Where to eat and what to do.
Once a quiet little beach town, Tulum has grown into an ever popular tourist destination in recent years. A quick Google search might return a handful of articles on the fall of the old Mayan port city due to its sheer volume of tourists and the resort developers accommodating them. The hotel zone—the area that sits on the beach—is lined with resorts, shops, and restaurants and can take a half hour to drive just a couple of miles as you navigate through the throngs of people. Despite the negative press, I’m here to tell you that it’s still possible to have a low-key and relaxing vacation in Tulum. You just have to know where to look.
Instead of staying at one of the bustling resorts, try renting an Airbnb in one of the adjacent neighborhoods. Aldea Zama is a little closer to the hotel zone and La Veleta is just south of Tulum Pueblo (or the city center). Many places include a pool, hot tub, and bikes. You can always purchase day-access passes at any of the resorts on the beach; there's also a free public beach near the Tulum ruins. If you stay in La Veleta, you may want to rent a car or a bike, as it does take a little time to get to the hotel zone on foot. There are paid parking lots dotted throughout the hotel zone so it’s easy to park when you want to spend time in that area.
One of the best things about having a car in Tulum is that the Yucatan Peninsula offers several day trips at your fingertips. Spend the day in Cancun or take the ferry to Cozumel. Drive inland to the ancient Mayan capital, Chichen Itza; find a cenote to swim in (there are many!); and then grab lunch and shop in the colorful town of Valladolid. Or drive a little bit south of Tulum into the Sian Ka’an Nature Reserve. Driving through the Sian Ka’an reminds me of what I think Tulum would have been like before the influx of tourism. A bumpy road splits the thick jungle instead of businesses, restaurants, and resorts.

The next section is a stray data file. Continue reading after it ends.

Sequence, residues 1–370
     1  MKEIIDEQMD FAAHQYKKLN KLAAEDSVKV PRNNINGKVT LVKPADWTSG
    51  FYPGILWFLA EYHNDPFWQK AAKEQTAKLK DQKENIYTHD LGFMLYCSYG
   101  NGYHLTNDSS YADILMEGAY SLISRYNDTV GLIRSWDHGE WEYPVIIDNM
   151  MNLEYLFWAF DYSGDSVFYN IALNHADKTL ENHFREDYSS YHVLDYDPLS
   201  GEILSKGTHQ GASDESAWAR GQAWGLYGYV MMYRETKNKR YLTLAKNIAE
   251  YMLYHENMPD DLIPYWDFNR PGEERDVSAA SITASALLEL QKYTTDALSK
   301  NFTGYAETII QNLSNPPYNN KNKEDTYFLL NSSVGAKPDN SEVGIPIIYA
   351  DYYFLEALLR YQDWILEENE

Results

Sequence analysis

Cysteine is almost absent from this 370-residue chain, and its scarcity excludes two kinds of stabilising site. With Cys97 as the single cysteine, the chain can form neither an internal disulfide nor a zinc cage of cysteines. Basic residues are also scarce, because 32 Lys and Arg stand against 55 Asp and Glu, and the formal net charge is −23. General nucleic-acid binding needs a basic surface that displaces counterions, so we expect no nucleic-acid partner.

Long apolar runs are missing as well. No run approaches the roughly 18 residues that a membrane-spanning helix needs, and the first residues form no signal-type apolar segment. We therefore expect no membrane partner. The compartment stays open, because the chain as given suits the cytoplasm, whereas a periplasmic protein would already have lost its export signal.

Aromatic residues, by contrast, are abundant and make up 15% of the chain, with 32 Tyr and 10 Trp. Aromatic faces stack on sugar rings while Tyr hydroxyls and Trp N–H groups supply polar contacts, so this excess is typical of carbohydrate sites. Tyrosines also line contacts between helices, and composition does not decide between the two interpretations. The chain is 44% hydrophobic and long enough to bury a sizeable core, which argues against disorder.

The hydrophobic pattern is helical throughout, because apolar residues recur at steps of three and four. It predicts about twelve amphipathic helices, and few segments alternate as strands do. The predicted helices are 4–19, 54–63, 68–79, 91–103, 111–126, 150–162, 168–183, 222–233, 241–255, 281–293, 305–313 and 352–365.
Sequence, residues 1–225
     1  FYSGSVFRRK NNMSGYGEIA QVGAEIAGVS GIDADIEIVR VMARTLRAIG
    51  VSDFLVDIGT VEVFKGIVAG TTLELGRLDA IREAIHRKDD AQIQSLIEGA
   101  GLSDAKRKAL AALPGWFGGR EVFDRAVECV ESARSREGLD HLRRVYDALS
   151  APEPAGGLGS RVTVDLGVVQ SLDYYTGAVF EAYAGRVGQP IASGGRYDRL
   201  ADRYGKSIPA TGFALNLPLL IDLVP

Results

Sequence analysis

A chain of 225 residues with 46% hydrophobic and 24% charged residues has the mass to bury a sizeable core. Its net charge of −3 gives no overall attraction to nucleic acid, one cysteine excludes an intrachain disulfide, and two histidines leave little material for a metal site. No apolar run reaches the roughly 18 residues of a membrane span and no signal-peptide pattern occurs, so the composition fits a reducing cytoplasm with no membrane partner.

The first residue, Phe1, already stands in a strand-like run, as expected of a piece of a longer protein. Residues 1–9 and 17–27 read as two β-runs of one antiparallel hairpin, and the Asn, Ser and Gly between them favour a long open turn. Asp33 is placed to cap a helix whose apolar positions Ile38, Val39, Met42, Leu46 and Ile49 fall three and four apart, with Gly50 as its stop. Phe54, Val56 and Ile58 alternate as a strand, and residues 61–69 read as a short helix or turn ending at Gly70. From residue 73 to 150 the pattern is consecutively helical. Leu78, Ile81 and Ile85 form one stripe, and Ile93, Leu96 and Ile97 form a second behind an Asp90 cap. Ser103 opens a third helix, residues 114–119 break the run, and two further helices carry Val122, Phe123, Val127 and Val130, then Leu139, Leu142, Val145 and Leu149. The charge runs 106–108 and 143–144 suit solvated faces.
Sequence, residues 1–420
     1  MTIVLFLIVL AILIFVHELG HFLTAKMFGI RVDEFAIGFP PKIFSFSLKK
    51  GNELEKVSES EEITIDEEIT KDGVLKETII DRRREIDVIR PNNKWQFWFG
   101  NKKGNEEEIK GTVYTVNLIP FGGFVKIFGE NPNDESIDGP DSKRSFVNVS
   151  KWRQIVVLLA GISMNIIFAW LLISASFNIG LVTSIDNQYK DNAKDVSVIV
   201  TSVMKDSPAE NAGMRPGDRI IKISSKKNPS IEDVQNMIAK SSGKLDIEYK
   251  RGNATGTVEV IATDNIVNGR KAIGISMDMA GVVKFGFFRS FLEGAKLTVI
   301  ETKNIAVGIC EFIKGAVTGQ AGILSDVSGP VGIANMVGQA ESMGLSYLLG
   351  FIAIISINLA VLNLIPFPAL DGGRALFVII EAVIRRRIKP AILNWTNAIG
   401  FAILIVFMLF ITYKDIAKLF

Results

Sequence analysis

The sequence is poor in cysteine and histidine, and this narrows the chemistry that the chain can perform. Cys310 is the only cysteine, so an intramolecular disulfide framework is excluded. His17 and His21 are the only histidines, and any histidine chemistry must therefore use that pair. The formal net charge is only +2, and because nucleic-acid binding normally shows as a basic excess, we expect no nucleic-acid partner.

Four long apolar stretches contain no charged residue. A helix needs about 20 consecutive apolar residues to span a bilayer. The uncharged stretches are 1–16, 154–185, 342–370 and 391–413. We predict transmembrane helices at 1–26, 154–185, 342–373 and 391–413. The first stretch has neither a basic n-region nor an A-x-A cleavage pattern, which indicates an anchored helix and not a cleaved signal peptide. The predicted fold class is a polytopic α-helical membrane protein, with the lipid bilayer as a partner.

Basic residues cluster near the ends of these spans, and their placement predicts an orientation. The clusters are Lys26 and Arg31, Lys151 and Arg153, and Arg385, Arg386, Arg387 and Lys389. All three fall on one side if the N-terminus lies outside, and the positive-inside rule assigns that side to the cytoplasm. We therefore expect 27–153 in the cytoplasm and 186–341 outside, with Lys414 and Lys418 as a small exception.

A few kilometers into the reserve you’ll find restaurant Ka’an, situated on a secluded beach overlooking the Caribbean Sea. At Ka’an, Chef Hugo Duran has created a Mayan kitchen that focuses on pre-colonial Mexican food. All ingredients are locally sourced on the Yucatan Peninsula and prepared in Mayan tradition. Fish wrapped in hoja santa, nixtamalized corn tamales and fire-roasted huitlacoche are a sample of what’s on the seasonally rotating menu. Refreshing and inventive cocktails and seasonal frescas round out an idyllic culinary experience. Spend the day lounging on the many daybeds that line the beach. Worth the small detour.
Jose Luis Hinostroza, formerly of Noma (Copenhagen and Sydney), is the executive chef (and co-owner) of what is arguably the best restaurant in the Tulum Hotel Zone: ARCA. Founded in 2015 by Christian and Hermoinie Mora, ARCA has everything you want in a restaurant: lush surroundings, great service, beautiful cocktail list, and artfully presented food that tastes as good as it looks. There is something for everyone. The locally sourced menu is broken down into "Flora" and "Fauna," Flora being the vegetarian selections like whole-roasted squash and Fauna for items like ceviche, venison tartare, and bone marrow. The marrow comes to your table served on top of smoldering coals with house-made bread.
Taquería Honorio in Tulum Pueblo is where all the locals go and is, hands down, the best place for tacos and tortas. They’re open for breakfast and lunch only, so make sure you plan accordingly. They have vegetarian options as well as carne asada, pibil, and lechón tacos that are served with crispy chicharrón. You can walk up and take tacos to go or sit at the plastic picnic tables off to the side. The food is inexpensive (you won’t spend more than a few dollars) and comes out fast. It’s the perfect pre- and post-beach spot.
Once a food truck in the hotel zone, Pasha has since graduated to a brick-and-mortar location just south of Tulum Pueblo near La Veleta. Headed by husband-and-wife team, Chef Gurdal (of Cyprus) and Tania (from Mexico), Pasha brings Turkish and Mediterranean flavors to the area: fluffy flavor-packed couscous served with fall-off-the-bone lamb kebab, meze platters, tender parsley-flecked falafel from a family recipe, and more.
If you love classic Mexican restaurant food, then Don Cafeto is the spot. The menu is packed with all of the greatest hits: chile relleno, enchiladas, ceviche, even caldo de camarón, desayuno Azteca, bean tostada, and the best pickled carrots I’ve ever had. Don Cafeto is one of the oldest restaurants in Tulum Pueblo and, as it's on the main road, it also happens to be a great place to sit and people-watch.